News Article

Affordable Assisted Living Enabled Through Mobile Dexterity: the Barrett WAM™ arm
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Featured firm in this article: Barrett Technology Inc of Newton, MA

We all grow older. At some point, age, injury or disease create challenges for many in accomplishing such basic tasks as preparing meals, bathing, and using the toilet. Consider for a moment how it might feel to rely on hired help to lower you to a toilet seat. The challenge to one's independence and dignity* is enormous.

However, there is no loss of dignity if you command a robot to extend an arm to secure your balance. The robot is a sophisticated tool and, like a car, is an extension of the person.

Since it is not economically feasible to have different robotic manipulators in each room of a house, the concept of mobile manipulation is essential. Until recently, through, the notion of mobile manipulation was impractical. Although there are several mobile platforms available today, robotic arms are poorly designed for mobile manipulation. They have high moving inertia that can tip a mobile platform; generate bone-breaking forces, do badly in the face of a collision because their joints are not adequately backdrivable, and require a substantial volume of support electronics stored in a "controller cabinet" that rival the size and mass of the robot itself. Most importantly, these robots draw an order of magnitude too much power to be practical and the type of power they require is generally incompatible with the variable-DC reality of batteries that jump from deep discharge to high charging voltage once each charge cycle.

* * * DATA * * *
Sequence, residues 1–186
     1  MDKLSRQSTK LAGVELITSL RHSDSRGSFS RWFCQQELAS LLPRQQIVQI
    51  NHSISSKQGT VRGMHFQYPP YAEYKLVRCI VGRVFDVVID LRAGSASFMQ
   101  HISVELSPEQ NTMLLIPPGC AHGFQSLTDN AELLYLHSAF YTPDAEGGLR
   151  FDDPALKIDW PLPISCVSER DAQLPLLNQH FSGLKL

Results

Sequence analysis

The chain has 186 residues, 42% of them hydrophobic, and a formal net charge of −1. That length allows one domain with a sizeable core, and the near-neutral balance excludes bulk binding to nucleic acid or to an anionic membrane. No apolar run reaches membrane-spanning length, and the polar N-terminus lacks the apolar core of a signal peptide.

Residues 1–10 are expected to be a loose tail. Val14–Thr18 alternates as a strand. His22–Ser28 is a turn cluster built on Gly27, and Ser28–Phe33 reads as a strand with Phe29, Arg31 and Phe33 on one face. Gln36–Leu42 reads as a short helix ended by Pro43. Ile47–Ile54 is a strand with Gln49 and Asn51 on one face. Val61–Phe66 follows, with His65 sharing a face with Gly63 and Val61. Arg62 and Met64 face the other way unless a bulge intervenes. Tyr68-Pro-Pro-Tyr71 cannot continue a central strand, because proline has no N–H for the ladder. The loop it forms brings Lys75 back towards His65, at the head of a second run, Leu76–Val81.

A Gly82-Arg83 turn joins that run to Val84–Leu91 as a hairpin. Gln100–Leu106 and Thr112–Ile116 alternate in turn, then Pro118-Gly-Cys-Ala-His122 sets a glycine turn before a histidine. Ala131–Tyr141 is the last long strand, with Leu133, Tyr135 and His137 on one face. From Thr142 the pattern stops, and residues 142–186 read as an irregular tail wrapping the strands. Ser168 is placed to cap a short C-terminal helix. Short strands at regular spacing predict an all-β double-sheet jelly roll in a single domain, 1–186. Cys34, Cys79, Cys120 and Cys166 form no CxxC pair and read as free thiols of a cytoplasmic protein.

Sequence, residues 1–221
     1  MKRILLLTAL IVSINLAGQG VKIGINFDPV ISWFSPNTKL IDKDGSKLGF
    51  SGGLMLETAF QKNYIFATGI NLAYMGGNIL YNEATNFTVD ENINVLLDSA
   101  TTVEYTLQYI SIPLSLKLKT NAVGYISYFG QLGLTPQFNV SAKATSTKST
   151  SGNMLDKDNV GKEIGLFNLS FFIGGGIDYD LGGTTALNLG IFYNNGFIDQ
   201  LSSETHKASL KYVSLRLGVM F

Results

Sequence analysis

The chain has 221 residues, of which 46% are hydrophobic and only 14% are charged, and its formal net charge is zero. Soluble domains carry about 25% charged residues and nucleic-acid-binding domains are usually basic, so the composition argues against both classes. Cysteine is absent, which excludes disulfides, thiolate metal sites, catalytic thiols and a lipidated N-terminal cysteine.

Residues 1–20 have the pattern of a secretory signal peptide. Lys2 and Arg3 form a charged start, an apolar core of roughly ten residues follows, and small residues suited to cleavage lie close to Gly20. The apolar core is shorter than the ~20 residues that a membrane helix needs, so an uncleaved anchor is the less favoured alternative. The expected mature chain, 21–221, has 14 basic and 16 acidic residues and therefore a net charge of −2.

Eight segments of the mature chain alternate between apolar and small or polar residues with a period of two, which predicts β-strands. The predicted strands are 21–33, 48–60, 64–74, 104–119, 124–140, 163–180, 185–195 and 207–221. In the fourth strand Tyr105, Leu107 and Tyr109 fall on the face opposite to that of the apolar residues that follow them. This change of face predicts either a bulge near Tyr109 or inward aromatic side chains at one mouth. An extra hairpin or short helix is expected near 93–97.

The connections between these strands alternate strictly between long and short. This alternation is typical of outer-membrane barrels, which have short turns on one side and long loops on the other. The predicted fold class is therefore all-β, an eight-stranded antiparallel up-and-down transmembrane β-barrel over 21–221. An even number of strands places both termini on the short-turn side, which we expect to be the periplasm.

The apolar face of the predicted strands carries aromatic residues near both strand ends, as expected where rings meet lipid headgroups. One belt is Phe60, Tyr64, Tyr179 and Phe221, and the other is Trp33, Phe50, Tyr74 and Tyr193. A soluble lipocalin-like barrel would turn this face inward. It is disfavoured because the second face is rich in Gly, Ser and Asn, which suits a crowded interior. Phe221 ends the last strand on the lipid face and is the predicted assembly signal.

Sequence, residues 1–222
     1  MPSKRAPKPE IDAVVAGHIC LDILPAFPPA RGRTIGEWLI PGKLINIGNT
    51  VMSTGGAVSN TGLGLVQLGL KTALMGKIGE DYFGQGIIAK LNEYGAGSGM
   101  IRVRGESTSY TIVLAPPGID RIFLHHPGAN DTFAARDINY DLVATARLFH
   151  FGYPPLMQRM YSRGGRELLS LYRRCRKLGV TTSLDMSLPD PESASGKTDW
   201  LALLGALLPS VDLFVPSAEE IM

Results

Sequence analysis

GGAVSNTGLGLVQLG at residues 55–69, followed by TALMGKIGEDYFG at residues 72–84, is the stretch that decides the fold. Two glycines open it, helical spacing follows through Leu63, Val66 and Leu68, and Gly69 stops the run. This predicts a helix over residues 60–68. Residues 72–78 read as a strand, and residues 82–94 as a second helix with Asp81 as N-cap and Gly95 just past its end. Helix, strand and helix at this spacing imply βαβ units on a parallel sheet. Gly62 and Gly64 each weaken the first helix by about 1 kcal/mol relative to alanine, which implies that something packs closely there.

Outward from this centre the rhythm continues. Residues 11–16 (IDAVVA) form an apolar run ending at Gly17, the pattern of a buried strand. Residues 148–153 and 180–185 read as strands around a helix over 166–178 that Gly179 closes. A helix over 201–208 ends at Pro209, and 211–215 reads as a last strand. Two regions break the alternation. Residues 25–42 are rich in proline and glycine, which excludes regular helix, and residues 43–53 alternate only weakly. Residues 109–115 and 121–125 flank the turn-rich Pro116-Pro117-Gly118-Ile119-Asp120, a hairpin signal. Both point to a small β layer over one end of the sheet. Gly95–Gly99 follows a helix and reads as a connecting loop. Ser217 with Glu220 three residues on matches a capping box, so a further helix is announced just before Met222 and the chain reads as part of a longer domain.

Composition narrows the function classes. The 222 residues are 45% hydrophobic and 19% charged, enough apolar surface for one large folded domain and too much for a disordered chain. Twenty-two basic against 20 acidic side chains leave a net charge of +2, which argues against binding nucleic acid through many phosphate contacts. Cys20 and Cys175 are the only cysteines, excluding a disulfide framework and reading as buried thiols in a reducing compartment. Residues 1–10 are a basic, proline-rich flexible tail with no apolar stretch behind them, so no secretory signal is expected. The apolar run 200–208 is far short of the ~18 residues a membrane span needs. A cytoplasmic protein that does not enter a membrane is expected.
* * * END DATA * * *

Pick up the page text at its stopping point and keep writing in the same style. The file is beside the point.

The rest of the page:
Barrett's engineers have spent over 20 years overcoming these obstacles in the design of the WAM™ arm and its array of support technologies, like its ultra-miniature, ultra-power-efficient Puck controller (patents pending worldwide).

The fundamental cost of the WAM™ in anticipated quantities would be less than that for any conventional geared or harmonic-drive robot because of the fundamental simplicity of the cable drives and Puck servoelectronics. And the ability to finance the household purchase of a mobile manipulator is not far fetched for any cost less than ~US$50,000 by leveraging the car-financing model with monthly payments of a few hundred dollars. In many ways a household mobile-manipulator is a natural follow-on from owning a car. Furthermore, the need for living assistance comes at the same point in life when continued use of a car becomes hazardous, so there is a natural trade-up in mobility tools.

* The importance of dignity came to Barrett by way of Joseph Engelberger in the 1990s. Joseph Engelberger is the father of the robotics industry.